22 April 2011

Easter Hare

Deep in the Berwyns, at the head of Cwm Pennant, Pennant Melangell is home to Britain's only extant shrine of the Romanesque period. There's no through road, and just three houses about the church. The oldest part of this is of the twelfth century, but the almost round churchyard suggests pre-Christian use - there are Bronze Age burials here. Four of the five massive yews are adjudged to be over two thousand years old.

Just inside the porch of 1737 are animal-excluding gates, of 1763. The window to the far right (top) is fifteenth-century, the others in the south wall Victorian. Remarkably, the apse at the east end is of 1989, built upon the twelfth-century foundations of the original apse, replaced six centuries later by a square schoolroom, and replaced in its turn a further two centuries on.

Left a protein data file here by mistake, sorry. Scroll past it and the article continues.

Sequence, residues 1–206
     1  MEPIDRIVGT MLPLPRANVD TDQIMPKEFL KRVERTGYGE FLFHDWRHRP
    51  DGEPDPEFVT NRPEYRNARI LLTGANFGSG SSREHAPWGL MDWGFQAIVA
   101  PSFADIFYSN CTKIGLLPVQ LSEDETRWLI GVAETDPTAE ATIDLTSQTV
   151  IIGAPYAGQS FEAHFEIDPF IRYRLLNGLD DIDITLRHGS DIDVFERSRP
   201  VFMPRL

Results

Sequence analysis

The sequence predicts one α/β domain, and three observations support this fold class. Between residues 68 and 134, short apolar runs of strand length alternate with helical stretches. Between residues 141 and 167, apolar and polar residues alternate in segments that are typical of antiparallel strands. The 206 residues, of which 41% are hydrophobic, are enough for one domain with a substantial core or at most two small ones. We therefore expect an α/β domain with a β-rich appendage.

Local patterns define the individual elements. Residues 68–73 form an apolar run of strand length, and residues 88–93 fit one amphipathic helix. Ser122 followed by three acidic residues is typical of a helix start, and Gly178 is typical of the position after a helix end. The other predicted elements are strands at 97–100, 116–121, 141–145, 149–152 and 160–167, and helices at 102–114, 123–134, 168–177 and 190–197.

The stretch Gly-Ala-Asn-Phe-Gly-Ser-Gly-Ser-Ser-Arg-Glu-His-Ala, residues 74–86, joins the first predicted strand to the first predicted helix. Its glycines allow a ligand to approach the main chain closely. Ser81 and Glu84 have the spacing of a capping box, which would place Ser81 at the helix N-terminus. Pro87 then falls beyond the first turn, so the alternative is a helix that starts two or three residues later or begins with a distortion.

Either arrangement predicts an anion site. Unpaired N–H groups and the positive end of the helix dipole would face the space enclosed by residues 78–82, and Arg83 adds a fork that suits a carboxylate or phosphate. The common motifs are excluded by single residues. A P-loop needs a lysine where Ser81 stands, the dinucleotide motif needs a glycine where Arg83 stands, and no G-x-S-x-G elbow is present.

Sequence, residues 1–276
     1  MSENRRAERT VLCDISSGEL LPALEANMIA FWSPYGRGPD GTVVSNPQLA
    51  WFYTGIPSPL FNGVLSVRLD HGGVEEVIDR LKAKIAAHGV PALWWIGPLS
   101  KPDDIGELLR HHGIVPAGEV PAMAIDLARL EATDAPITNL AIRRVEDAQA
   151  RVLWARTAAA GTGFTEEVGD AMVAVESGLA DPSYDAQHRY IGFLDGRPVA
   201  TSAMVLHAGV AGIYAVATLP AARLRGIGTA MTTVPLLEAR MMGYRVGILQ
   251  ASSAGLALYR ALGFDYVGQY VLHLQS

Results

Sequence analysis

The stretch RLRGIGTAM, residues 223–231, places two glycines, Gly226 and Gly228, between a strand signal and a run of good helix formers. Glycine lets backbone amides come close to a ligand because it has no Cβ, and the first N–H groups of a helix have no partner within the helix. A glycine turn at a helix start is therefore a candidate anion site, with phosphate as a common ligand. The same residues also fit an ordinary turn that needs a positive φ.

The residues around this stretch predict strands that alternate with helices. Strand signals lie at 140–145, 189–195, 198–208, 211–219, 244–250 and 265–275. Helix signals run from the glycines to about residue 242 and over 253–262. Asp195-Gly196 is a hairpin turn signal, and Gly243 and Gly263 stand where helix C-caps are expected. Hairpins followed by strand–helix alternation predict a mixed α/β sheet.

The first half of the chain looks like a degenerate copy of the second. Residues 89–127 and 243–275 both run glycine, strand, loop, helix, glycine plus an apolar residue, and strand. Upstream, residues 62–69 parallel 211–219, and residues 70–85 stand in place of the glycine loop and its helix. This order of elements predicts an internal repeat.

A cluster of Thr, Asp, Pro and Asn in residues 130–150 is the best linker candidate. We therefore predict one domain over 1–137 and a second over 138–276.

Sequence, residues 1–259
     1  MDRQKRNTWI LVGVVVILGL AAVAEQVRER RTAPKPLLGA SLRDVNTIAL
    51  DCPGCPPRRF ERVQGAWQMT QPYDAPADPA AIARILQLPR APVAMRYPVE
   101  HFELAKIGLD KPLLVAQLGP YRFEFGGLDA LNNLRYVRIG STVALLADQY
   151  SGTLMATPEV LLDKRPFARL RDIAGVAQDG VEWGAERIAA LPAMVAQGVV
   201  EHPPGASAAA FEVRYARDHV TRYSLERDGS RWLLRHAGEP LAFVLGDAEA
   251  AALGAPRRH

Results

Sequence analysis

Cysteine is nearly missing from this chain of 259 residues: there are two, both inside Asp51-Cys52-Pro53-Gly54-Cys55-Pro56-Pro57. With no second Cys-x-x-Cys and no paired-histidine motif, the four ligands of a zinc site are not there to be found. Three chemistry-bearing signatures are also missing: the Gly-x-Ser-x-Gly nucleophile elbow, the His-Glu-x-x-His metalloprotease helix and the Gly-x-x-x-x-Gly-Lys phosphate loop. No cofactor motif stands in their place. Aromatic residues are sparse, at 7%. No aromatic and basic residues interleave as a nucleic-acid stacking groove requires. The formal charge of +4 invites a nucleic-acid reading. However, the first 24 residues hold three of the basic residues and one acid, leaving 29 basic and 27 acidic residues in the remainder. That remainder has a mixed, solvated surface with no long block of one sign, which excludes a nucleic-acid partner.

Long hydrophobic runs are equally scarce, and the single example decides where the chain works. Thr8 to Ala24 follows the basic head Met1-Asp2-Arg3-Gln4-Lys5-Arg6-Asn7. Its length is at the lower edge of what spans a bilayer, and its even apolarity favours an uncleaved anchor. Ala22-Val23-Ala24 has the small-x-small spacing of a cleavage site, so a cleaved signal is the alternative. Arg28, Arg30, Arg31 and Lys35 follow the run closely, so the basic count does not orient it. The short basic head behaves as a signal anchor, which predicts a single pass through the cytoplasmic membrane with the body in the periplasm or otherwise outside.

The rood screen is of the fifteenth century, with a new oak loft above - the rood itself would have been destroyed as a result of the Reformation. Behind the tympanum is preserved a huge plaster panel, originally a reredos upon the east wall, featuring the Apostles' Creed, the Ten Commandments, and the Lord's Prayer, in Welsh.

The chancel is dominated by the shrine of St Melangell. The story goes that in 604 a Welsh prince chased a hare into a briar patch, wherein was in saintly contemplation Melangell, a traditional beautiful virgin. The hare hid under her garment and the hunting dogs fled. The prince gave Melangell the valley as a sanctuary.

Originally constructed circa 1160-70, the shrine was likely broken up early in the reign of Queen Elizabeth as part of the drive to control devotion to relics. Re-erected in 1958, some parts recovered from where they had been built into the nave walls and the lych gate, it was moved into the chancel in 1989.

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